I have included the program «almost-perfect-numbers» in the zip file.

##### 064. Arithmetic Number

An Arithmetic Number is an integer for which the average of its positive divisors is also an integer:

```(1..Inf).grep({ my @d = divisors(\$_); @d.sum %% @d.elems }) # 064 ``` ```> say (1..Inf).grep({ my @d = divisors(\$_); @d.sum %% @d.elems })[^25]; (1 3 5 6 7 11 13 14 15 17 19 20 21 22 23 27 29 30 31 33 35 37 38 39 41) ```

I have included the program «arithemetic-numbers» in the zip file.

##### 065. Sublime Numbers

A Sublime Number has a Perfect Number of Positive Divisors, and those Positive Divisors add up to another Perfect number.

There are only two numbers in this sequence, so we can cheat and state them directly:

```(12, # 065 6086555670238378989670371734243169622657830773351885970528324860512791691264) ```

## Factors

The Factors of a number is a list of prime number we multiply together to get the number. The number itself is the only factor for prime numbers, and the number 1.

File: factors ```unit sub MAIN (Int \$number where \$number > 0, :u(:\$upto)); \$upto ?? ( say "\$_: " ~ factors(\$_) for 1..\$number ) !! say factors(\$number); sub factors (\$number is copy) { return (1) if \$number == 1; return (\$number) if \$number.is-prime; my @factors; for (2 .. \$number div 2).grep( *.is-prime) -> \$candidate { while \$number %% \$candidate { @factors.push: \$candidate; \$number /= \$candidate; } } return @factors; } ```

Running it:

```\$ ./factors 10 [2 5] ```

With «upto» mode:

```\$ ./factors -u 20 1: 1 2: 2 3: 3 4: 2 2 5: 5 6: 2 3 7: 7 8: 2 2 2 9: 3 3 10: 2 5 11: 11 12: 2 2 3 13: 13 14: 2 7 15: 3 5 16: 2 2 2 2 17: 17 18: 2 3 3 19: 19 20: 2 2 5 ```

##### 066. Summed Factors
We can add the factors of the numbers (indices):

```(1..Inf).map({ factors(\$_).sum }); # 066 ``` ```> say (1..Inf).map({ factors(\$_).sum })[^25]; (1 2 3 4 5 5 7 6 6 7 11 7 13 9 8 8 17 8 19 9 10 13 23 9 10) ```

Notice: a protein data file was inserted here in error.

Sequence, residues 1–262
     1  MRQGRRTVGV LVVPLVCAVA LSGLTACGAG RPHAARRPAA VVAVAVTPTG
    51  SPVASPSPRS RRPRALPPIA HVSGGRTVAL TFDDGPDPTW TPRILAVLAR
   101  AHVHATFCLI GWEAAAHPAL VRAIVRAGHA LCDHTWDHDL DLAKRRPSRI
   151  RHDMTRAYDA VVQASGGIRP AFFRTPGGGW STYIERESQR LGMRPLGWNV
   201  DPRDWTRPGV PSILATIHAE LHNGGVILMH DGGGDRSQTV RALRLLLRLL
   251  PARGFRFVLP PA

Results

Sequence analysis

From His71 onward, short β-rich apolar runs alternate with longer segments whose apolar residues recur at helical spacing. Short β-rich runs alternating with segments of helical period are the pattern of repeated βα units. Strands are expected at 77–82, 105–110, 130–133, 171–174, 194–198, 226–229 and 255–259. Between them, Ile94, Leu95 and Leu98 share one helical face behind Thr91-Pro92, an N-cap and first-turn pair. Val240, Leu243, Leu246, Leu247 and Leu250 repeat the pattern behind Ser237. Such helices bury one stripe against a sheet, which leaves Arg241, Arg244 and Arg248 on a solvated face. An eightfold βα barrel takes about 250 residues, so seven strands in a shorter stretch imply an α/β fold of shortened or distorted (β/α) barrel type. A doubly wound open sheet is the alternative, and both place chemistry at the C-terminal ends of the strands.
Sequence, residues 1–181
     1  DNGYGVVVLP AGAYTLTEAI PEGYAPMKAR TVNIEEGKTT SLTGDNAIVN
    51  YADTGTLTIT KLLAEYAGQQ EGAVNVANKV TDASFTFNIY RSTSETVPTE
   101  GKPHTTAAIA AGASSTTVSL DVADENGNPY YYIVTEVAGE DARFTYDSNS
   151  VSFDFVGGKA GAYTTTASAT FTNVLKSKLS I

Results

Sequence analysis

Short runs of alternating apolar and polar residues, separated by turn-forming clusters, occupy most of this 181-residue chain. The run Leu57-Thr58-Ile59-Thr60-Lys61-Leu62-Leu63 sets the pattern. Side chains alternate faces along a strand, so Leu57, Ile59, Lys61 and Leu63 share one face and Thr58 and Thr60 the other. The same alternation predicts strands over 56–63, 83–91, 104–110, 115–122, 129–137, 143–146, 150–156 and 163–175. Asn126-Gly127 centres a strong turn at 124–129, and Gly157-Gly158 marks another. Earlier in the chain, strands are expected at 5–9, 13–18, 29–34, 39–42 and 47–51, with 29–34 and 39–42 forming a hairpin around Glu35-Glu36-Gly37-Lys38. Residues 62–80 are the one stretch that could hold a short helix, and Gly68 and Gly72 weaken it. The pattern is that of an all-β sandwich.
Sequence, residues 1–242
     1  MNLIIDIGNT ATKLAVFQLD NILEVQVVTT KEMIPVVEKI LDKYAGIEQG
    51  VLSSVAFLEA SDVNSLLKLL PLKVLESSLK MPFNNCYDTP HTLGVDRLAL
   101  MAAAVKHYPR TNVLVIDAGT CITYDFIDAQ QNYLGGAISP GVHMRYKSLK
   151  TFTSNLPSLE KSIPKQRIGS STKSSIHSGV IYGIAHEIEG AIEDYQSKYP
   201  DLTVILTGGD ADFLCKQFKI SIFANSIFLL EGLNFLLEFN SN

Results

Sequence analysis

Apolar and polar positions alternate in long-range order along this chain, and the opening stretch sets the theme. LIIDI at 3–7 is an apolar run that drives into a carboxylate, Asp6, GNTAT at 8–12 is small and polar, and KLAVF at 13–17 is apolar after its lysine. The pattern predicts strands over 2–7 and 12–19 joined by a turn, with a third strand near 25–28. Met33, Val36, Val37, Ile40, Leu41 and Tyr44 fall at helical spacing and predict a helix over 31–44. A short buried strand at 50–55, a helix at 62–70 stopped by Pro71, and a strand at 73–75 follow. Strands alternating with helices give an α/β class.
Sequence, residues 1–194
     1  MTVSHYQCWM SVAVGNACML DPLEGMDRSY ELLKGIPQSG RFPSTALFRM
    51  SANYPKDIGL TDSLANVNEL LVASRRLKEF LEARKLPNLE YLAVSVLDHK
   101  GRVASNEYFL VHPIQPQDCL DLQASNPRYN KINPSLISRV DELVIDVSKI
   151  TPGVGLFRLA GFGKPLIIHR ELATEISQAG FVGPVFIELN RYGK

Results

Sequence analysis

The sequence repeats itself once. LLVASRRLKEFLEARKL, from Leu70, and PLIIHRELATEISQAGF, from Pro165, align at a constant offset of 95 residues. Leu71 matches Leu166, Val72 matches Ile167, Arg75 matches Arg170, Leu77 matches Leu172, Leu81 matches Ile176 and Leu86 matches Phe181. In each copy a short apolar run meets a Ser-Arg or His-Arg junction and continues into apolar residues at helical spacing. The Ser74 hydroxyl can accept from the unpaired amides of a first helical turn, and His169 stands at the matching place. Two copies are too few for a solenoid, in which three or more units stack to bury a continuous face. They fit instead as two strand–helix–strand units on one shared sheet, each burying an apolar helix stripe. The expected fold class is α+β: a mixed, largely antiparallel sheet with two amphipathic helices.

##### 067. Attractive Numbers
A number is an attractive number if the number of its prime factors is also a prime number.

The number 20 is an attractive number, whose prime factors are 2, 2 and 5. The number of prime factors is 3, which is also a prime number.

```(1..Inf).grep({ factors(\$_).grep( *.is-prime).elems.is-prime }); # 067 ``` ```> say (1..Inf).grep({ factors(\$_).grep( *.is-prime).elems.is-prime })[^20]; (4 6 8 9 10 12 14 15 18 20 21 22 25 26 27 28 30 32 33 34) ```

I have included the program «attractive-numbers» in the zip file.

## Factorial

This has nothing to do with Factors (Divisors), except the name similarity. But here they are, nevertheless.

The (postfix) Factorial Operator, which Raku is missing, is written as `4!` by mathematicians. This is the same as `4! = 4 * 3 * 2 * 1 = 24`

Raku makes it easy to add the missing operator:

File: factorial-operator ```unit sub MAIN (Int \$number = 20); sub postfix:(\$n) { return [*] 1 .. \$n; } ``` ```\$ ./factorial-operator 3 6 \$ ./factorial-operator 10 3628800 ```

##### 068. Factorial Sequence
We can get the factorial values like this:

```(my \$i=1, * * \$i++ ... Inf) # 068 ``` ```> say (my \$i=1, * * \$i++ ... Inf)[^10]; (1 1 2 6 24 120 720 5040 40320 362880) ```

That looks ok, as long as you accept that the first value (with index 0) is the value of `0!`.

##### 069. Factorial Number Length

The number of digits in the factorial values, instead of the numbers themselves:

```(my \$i=1, * * \$i++ ... Inf).map( *.chars ) # 069 ``` ```> say (my \$i=1, * * \$i++ ... Inf).map( *.chars )[^30] (1 1 1 1 2 3 3 4 5 6 7 8 9 10 11 13 14 15 16 18 19 20 22 23 24 26 27 29 30 31) ```
##### 070. Exponential Factorials

The Exponential Factorials start with the number 1 (at index 0). After that we take the index and raises it to the power of the previous number in the sequence:

```(my \$i=1, \$i++ ** * ... Inf) # 070 ``` ```> say (my \$i=1, \$i++ ** * ... Inf)[^5] (1 1 2 9 262144) ```

The next value is enormous:

```> say (my \$i=1, \$i++ ** * ... Inf)[5].chars; 183231 ```
##### 071. Alternating Factorials

The Alternating Factorials start with the number 1 (at index 1). After that we take the factorial of the index and subtract the previous number in the sequence:

```(my \$i = 1, { \$i++; ( [*] 1 .. \$i ) - \$^a } ... Inf) # 071a ``` ```> say (my \$i = 1, { \$i++; ( [*] 1 .. \$i ) - \$^a } ... Inf)[^10]; (1 1 5 19 101 619 4421 35899 326981 3301819 36614981 442386619) ```